My definition of a hero is someone who does the right thing in the right way for a long time whether people notice or not. Thousands of unheralded, unknown pastors personify this definition. They marry and bury, preach and teach, hold hands and pat backs, attend open houses and attend meetings, pray like they believe it and sing like they mean it. Even if the coffee is bad, the pay low, and the church music so-so, these brothers keep loving and keep on proclaiming the same gospel. Some say insanity is doing the same thing and expecting different results. But that goes out the window when what you're doing is the very thing God has called you do.

Faithful, humble, diligent, reliable, gentle, courageous, compassionate, teachable, imperfect ordinary pastors--of them the world is not worthy.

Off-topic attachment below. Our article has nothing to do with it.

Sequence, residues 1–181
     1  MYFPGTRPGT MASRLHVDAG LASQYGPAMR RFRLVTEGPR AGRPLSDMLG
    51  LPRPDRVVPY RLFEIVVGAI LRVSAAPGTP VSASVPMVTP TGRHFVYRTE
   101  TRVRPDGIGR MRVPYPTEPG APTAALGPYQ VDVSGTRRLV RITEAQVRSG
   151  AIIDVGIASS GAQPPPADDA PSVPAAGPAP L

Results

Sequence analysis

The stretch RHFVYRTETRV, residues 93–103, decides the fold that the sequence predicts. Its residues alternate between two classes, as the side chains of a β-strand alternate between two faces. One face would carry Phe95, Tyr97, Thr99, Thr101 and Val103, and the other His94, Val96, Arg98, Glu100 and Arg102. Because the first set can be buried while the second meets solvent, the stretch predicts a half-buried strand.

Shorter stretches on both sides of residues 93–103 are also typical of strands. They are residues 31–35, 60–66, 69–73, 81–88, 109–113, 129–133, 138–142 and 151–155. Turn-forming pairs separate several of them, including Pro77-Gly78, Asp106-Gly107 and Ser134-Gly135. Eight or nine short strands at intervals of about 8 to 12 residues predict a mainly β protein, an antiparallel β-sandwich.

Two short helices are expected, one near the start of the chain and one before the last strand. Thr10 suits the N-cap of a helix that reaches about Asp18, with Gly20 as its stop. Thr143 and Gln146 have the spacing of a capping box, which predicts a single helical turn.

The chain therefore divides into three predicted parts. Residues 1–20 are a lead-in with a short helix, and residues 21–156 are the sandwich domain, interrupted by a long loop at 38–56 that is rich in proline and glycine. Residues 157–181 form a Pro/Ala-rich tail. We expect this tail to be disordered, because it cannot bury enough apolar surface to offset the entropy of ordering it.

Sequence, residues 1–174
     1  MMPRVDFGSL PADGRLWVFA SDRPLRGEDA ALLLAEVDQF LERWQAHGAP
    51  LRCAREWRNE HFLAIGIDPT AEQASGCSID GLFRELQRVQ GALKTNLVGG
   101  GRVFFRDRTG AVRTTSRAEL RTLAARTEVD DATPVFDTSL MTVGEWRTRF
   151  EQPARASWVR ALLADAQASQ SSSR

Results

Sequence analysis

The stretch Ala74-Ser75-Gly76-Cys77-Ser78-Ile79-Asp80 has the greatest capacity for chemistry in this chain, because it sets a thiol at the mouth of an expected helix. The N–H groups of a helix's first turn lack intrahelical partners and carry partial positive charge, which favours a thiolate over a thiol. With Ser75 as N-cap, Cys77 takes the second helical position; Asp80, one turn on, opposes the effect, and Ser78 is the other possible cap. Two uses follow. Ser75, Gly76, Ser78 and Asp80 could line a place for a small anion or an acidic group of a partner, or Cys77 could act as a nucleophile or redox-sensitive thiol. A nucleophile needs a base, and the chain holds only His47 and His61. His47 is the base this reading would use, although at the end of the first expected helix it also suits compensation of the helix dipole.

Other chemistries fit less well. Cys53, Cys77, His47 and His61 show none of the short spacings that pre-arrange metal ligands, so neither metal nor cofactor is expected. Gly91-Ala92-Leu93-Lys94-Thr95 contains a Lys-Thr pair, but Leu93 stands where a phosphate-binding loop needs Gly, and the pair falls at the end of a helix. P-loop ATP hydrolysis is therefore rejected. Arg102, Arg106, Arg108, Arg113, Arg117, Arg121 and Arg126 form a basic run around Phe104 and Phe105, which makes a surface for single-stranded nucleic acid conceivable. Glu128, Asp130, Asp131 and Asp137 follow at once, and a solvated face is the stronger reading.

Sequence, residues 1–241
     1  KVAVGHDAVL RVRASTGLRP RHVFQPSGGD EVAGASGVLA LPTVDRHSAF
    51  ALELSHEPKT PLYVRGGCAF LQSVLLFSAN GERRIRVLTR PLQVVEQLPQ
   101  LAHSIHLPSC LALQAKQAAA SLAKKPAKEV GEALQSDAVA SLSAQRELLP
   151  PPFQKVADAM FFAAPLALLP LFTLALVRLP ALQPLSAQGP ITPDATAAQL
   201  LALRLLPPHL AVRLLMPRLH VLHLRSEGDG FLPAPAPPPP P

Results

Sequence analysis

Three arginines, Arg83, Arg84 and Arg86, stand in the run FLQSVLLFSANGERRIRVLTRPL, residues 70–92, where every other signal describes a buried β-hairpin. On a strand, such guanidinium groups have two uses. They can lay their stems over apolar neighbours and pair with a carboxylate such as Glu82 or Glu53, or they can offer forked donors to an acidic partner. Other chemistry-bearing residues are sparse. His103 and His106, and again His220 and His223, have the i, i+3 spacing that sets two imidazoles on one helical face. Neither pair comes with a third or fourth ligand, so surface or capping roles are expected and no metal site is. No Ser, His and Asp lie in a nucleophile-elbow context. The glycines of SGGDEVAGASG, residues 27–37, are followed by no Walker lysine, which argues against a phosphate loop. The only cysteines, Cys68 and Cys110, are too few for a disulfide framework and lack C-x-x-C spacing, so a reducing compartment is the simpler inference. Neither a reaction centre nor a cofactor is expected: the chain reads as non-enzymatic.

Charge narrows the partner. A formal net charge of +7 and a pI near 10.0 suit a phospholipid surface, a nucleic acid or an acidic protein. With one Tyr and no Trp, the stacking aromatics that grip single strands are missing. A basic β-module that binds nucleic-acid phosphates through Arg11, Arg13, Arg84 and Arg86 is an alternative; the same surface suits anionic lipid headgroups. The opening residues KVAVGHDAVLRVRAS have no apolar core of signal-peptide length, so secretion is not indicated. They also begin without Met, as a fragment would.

Got a good pastor? Then tell him you think so.

P.S. If you go to University Reformed Church, this is not a beggarly attempt at cards and cookies. I feel much loved already. Just keep on doing what you're doing.

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8 thoughts on “In Praise of Ordinary Pastors”

  1. Dave Bissett says:

    Thanks Kevin. You will find that many of those questions about pastoral effectiveness increase (if not in number, in potency) as you get older. I just turned 50 and my mortality peeks at me over the horizon and asks: will you leave this local church in good order when your days are done? will you have made faithful disciples? will sound doctrine prevail in your pulpit? etc. Yet, we all can/should/do turn to the Faithful One, the Great Shepherd, and find great hope and confidence to press ahead.